Richard Stallman, in town for OSCON, stopped by a couple of evenings ago, largely to ask me to remove references to AFPL Ghostscript from the GNU webpage and in-release documentation. He has an amazing presence, and I want the GNU release to be consistent with his vision. I still have some concerns, though. For example, sharing the bug tracking between the GNU and AFPL versions has obvious advantages. Would that be an unacceptable compromise? I'm not a big fan of witholding information, but that seems to be what the new GNU coding guidelines seem to require, in order to avoid promoting non-free software.

I also enjoyed meeting Bradley Kuhn and Henri Poole (of the Affero project). I'll probably write more about the meeting; there was some interesting discussion.


My Fitz prototype is now released.

It renders the tiger, but otherwise is more of a code sketch. Perhaps some people will find the Python bindings interesting.

Well Tempered Screening

I sent a snapshot to our internal mailing list. It's getting to the point where it actually works and people might want to use it. A bit more cleanup, though.

I'm trying to wrap things up before my trip to San Diego, so I'm not wrapping my mind around more speculative things like proof systems right now.

San Diego

I won't be at OSCON, but as it turns out I'll be in San Diego from Monday through Saturday next week anyway, for Pacific Yearly Meeting of the Religious Society of Friends (Quakers).

I might be able to get away for a few hours. It would be really fun to meet with friends. I probably won't be in ready phone or email contact there, but get in touch and we'll see if we can set something up.


I think that computer-checked proofs are inevitable, but not particularly soon. None of the existing formal proof projects are Web-aware in the sense of fostering distributed collaboration. The big step, I think, will have to be taken by someone who understands the Web deeply, and enough formal logic to get by. I have the feeling that huge technical prowess is not necessary. Making a usable system doesn't have much to do with "corner cases" in logic.

As Bram points out, I think the big technical issue is making proofs robust with respect to choice of details. In existing systems, they seem to be fairly brittle. For example, Metamath uses the standard set-theoretic encoding of numbers. Proofs of theorems in number theory work no matter what encoding you choose, or even if you use an axiom system rather than an encoding. It shouldn't matter which axiom system you use either. In a sense, number theory is in terms of a "Platonic" ideal of numbers.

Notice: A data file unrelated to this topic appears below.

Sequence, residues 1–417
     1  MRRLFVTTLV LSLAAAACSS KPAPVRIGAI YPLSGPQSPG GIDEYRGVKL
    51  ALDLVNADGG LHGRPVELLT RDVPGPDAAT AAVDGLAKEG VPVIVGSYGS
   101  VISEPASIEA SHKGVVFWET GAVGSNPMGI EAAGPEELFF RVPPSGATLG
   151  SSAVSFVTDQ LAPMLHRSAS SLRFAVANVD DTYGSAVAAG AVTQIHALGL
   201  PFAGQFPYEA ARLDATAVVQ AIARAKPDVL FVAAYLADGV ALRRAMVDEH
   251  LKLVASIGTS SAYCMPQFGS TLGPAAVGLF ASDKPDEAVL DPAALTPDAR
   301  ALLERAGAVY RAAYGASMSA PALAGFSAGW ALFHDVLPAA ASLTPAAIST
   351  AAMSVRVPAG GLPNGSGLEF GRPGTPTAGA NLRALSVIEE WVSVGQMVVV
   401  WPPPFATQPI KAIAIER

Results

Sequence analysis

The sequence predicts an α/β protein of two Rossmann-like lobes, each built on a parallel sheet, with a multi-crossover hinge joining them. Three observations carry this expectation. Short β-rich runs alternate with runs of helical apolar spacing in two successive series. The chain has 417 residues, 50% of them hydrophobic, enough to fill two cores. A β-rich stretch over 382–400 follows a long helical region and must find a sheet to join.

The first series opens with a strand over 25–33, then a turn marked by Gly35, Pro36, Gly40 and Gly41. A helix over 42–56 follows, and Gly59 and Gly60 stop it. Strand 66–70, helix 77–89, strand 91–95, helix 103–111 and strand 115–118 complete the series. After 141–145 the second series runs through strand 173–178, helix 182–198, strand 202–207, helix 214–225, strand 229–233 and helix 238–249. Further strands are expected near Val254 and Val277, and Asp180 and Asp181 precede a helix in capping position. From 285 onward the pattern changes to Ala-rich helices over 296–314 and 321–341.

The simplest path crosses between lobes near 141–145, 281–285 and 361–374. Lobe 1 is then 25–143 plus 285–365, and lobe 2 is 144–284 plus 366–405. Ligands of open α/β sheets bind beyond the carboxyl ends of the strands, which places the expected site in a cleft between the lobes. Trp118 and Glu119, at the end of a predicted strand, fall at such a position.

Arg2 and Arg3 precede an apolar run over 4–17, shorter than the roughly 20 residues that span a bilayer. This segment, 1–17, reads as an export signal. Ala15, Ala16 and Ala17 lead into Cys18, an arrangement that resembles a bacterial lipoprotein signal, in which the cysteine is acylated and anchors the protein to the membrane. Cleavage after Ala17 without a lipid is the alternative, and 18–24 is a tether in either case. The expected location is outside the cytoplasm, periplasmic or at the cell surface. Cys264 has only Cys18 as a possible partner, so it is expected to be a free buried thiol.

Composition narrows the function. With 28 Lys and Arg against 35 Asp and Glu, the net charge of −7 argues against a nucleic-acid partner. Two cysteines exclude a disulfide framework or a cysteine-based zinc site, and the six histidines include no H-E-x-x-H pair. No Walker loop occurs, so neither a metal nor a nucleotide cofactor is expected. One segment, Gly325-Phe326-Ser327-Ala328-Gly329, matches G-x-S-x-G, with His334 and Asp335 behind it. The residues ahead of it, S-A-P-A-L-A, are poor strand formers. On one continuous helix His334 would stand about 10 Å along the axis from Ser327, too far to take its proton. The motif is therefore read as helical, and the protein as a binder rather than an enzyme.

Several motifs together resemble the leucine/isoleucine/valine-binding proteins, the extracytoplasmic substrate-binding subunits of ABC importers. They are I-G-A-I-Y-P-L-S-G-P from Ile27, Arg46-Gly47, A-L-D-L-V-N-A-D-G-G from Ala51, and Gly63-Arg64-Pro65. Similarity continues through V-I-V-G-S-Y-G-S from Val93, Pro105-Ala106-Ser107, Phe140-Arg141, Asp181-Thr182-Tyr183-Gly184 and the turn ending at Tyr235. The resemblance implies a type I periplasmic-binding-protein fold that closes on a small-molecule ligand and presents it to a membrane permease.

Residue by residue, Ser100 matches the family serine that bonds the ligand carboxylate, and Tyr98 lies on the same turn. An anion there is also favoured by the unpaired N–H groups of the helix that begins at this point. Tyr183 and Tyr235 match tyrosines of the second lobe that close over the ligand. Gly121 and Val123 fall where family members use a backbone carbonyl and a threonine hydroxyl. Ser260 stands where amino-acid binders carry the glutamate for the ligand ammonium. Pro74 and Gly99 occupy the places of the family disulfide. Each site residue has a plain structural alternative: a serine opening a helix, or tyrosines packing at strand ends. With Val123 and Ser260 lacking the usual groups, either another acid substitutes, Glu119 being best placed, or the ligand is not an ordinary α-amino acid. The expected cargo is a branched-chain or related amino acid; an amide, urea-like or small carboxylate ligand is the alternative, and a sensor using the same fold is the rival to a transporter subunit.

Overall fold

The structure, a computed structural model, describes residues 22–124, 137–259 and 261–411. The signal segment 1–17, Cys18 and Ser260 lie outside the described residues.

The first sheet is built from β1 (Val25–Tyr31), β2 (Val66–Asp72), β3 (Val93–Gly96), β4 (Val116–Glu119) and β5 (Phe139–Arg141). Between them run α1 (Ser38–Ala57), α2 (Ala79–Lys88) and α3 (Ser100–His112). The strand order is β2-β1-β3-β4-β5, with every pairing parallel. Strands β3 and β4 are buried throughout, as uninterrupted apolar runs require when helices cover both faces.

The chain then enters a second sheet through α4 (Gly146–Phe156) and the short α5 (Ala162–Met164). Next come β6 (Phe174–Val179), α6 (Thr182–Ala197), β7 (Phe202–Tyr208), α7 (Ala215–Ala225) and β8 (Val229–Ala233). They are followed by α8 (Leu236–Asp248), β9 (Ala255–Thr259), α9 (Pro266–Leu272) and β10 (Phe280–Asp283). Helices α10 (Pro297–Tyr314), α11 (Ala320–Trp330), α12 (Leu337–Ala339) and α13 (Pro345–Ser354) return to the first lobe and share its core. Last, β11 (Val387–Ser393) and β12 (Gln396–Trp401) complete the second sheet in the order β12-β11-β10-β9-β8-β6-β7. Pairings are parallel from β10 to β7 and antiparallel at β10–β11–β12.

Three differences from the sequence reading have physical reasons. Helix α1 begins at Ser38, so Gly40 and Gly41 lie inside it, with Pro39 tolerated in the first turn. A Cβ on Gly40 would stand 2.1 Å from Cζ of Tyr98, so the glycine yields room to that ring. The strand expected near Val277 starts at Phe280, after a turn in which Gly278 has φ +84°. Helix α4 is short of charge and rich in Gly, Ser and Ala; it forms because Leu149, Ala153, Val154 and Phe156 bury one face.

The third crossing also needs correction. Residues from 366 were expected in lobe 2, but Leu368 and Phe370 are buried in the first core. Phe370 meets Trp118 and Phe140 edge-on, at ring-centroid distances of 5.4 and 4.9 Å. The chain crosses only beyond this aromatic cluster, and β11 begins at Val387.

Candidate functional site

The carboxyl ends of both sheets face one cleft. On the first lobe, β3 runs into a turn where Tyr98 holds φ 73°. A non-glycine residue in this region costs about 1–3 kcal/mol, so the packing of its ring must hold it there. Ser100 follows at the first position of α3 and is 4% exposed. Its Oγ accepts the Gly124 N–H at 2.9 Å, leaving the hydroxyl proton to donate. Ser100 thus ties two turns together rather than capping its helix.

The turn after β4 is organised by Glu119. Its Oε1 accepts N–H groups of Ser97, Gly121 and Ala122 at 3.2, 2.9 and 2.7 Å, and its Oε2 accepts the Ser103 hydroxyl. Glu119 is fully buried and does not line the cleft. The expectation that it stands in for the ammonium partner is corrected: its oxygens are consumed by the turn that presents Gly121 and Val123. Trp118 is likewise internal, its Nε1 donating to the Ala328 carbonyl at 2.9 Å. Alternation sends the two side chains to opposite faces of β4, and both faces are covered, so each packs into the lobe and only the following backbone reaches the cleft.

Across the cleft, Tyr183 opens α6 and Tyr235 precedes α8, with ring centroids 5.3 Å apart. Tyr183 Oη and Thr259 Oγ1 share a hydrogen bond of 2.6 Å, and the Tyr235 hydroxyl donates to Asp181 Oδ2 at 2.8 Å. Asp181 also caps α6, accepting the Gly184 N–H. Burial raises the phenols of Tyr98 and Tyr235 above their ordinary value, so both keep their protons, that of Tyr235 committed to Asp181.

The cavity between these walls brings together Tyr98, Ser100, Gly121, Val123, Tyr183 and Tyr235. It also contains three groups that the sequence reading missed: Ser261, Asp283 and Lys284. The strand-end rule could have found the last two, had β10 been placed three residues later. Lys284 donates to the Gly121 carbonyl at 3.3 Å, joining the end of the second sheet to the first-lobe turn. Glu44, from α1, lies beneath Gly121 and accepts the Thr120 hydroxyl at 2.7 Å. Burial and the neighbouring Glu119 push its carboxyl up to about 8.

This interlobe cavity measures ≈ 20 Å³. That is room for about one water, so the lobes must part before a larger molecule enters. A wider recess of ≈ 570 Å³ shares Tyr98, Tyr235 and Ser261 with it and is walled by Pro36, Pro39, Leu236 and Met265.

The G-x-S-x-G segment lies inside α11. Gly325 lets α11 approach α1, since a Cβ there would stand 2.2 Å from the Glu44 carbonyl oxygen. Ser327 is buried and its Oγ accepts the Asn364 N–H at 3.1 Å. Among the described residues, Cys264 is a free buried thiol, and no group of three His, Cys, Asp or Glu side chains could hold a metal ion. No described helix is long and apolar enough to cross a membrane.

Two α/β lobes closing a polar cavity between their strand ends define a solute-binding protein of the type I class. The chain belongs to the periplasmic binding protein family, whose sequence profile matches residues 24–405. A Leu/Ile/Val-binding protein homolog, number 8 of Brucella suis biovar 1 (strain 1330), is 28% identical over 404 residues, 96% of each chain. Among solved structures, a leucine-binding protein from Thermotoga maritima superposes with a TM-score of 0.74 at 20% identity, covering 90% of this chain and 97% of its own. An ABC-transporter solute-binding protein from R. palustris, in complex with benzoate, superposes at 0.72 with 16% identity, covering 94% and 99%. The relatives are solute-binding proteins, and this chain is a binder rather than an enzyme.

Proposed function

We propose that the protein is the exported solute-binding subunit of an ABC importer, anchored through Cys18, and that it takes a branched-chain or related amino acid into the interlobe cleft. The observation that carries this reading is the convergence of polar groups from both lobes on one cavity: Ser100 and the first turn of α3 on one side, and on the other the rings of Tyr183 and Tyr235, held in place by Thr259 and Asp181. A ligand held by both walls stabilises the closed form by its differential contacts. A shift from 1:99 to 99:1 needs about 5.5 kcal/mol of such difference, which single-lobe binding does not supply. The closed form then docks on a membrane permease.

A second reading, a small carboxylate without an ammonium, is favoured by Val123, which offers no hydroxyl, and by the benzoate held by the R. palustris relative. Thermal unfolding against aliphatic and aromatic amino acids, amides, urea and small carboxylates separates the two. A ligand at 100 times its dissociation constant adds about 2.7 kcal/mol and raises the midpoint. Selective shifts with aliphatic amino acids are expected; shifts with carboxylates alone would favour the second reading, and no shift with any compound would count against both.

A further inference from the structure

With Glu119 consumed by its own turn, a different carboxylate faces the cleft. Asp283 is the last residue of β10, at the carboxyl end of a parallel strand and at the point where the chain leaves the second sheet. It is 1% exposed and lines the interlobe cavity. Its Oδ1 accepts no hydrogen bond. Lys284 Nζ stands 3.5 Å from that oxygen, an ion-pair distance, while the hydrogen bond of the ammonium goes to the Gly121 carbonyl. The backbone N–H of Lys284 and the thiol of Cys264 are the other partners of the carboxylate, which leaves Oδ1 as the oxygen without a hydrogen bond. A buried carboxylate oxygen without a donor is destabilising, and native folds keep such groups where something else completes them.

But you don't see that from looking at the proofs in the Metamath database. There, proofs are in terms of the specific encoding. Trying to adapt these proofs to a different encoding would probably be difficult, and would more likely than not involve digging into the proof itself.

For example, this is a theorem in the standard set-theoretic encoding of naturals: forall x and y, x > y <=> x = x \union y. However, in other encodings it will be false, and in others it will have no meaning. Somehow, you have to show that the proof is respecting the abstraction, not piercing it and accessing the encoding. Metamath, while brilliant in many other respects, doesn't seem to have an easy way of doing this.

In logic, "any theorem over naturals in one encoding is also a theorem in any other encoding" is known as a meta-theorem. Ordinarily, you can apply a theorem using plain old substitution (and, usually, some constraints that variables are disjoint). However, the rules for meta-theorems are hairier.

I'm convinced, though, that the understanding of the Web must run deep, or the project has little hope. In fact, there seem to be two fairly large-scale projects to formalize math in a machine-checkable form, both initiated by mathematicians, and neither with a high profile today. One, Mizar has nonfree software, and uses the structure of a refereed journal. Another, QED, doesn't look like it's been updated in a while. I haven't seen anyone even try to adapt a proof done in one system into another.

I should also mention NuPrl, which is GPL. The focus is a bit more on automated theorem proving, although they do seem to have nice library of proofs. Also, NuPrl is based on constructive logic.